Sverker Johansson’s The Dawn of Language, adroitly translated by Frank Perry, weighs in at over 400 pages. We’re in the age of Great Simplifiers: each month produces a new crop of hefty volumes.
The Great Simplifiers
Each new volume aims to survey and simplify complex, important scientific arguments for a fairly well-educated reading public. These tomes resemble each other in their ambitions: they review tons of recent research; they give their readers an impression of the intensity and importance of debates; they’re stuffed with colourful examples to hold their reader’s attention; and – usually – they conclude on a vaguely re-assuring, half-optimistic note. As you look closer, differences become apparent. Continue reading Guest Review | Sharif Gemie | The Dawn of Language: Axes, lies, midwifery and how we came to talk – Sverker Johansson | MacLehose Press
The king’s fool has had a distinct, privileged and vital role to play at royal courts throughout history. Mahi Binebine’s fool is contemporary, even though the story reads as though it happened in a distant past, since it is inspired by the fate of the author’s father and brother at the court of King Hassan II of Morocco. Continue reading Review | The King’s Fool, Mahi Binebine | MacLehose Press
Pierre Lemaitre, the Prix Goncourt-winning French novelist and screenwriter behind the Paris Crime Files a.k.a. Verhœven series, is brought to English-language readers by the publisher behind Stieg Larsson, Henning Mankell and Jo Nesbø. So much for having a shrewd eye for genuinely original storytelling and talent-spotting big hitters from foreign climes, not just once but again and again and again . . . chapeau!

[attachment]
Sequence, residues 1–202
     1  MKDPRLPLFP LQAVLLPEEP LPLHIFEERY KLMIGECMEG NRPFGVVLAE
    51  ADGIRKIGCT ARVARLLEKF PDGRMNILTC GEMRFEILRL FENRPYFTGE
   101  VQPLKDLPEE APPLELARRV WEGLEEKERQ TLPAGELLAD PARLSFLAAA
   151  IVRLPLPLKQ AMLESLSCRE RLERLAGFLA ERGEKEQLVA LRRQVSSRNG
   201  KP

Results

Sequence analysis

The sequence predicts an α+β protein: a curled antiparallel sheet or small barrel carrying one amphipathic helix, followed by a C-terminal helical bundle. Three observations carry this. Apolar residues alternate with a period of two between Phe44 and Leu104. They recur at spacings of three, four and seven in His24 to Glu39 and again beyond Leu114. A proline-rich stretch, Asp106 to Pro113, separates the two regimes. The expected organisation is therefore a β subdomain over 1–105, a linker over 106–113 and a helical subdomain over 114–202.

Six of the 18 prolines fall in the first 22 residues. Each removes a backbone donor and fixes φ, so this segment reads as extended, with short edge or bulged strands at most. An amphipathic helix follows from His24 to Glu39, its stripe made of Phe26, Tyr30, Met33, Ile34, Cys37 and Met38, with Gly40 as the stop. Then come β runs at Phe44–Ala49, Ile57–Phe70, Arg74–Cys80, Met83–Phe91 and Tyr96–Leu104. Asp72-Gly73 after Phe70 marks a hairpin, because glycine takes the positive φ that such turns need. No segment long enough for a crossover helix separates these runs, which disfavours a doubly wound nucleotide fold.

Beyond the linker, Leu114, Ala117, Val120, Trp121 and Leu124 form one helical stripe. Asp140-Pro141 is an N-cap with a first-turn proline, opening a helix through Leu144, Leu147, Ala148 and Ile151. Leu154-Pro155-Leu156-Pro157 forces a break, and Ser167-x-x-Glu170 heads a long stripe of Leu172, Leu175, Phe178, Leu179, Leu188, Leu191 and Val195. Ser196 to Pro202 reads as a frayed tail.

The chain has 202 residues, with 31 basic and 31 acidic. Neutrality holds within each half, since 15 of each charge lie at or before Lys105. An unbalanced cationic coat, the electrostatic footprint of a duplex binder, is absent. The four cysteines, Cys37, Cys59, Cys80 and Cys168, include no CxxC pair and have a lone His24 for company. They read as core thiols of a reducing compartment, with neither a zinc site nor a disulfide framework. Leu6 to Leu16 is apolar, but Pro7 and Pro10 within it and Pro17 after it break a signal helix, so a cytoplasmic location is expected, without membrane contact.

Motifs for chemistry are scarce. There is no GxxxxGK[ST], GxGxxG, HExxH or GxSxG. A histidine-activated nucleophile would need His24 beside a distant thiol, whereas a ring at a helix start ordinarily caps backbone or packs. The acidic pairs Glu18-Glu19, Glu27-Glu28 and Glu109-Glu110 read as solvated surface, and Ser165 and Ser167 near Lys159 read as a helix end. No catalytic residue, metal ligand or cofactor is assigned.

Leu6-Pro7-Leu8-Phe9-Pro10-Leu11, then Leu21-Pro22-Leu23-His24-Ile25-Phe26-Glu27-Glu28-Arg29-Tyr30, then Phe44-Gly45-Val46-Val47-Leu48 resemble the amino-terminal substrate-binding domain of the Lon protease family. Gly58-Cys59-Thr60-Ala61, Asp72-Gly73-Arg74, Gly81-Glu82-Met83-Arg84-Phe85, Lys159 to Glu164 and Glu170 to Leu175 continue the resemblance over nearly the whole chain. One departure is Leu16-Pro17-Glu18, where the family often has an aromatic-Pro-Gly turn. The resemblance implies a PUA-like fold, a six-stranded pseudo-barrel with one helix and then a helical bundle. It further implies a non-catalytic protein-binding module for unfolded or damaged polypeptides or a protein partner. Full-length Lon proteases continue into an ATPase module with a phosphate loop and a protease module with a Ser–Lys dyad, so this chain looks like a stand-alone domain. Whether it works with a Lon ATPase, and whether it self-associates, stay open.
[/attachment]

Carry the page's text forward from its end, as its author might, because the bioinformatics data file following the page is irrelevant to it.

Rosy & John, translated by word wizard Frank Wynne, is published today. It is the fourth and last book in the Verhœven series. The opening description of an eight year old boy seeing “the body of his father soar into the air as though a giant hand has punched him in the solar plexus” when a bomb explodes in a Paris street, evoking the November 2015 Paris attacks, is both globally apocalyptic and highly personal. Continue reading Spotlight | Rosy & John, Pierre Lemaitre #FrenchNoir | MacLehose Press
Kokoschka’s Doll is a surreal, poignant and sometimes dizzying reflection on the nature of the universe, life’s coincidences and, of course, the human condition.
“I’m writing a new book.”
“What’s it about?” Isaac Dresner asked.
“Who knows. About love or hate, the human condition, that sort of thing. What is any book about?” (pp. 99-100)
The narrative contains stories within stories within stories and different timelines shift and align and become revealed to us as the book progresses. There are frequent philosophical musings and many tales so unlikely they simply must be true. Chance, fate, destiny, divine intervention, call it how you will, weaves together an improbable cast across decades and continents to deliver us this Russian doll of a novel. Continue reading Guest Review | Andrew McDougall | Kokoschka’s Doll, Afonso Cruz (trs. Rahul Bery) | MacLehose Press
Look who’s back! Vernon Subutex: DJ guru of the nineteenth arrondissement. He is still homeless in Paris and more Peter Pan than ever. We first met him at the turn of the millenium as he was losing his record shop, flat and material possessions after his friend and benefactor, the rock star Alex Bleach, died of a drug overdose in a hotel bedroom.
Film producer turned sex predator, Laurent Dropalet, is desperate to find compromising videos revealing the truth about the death of his porn-star mistress recorded by Alex Bleach. He hires the Hyena, a tech whiz and ravening lesbian to track down the tapes (and therefore Vernon who has them); she switches allegiances to join the DJ and his cohorts.
Continue reading Review | Vernon Subutex 3, Virginie Despentes | MacLehose Press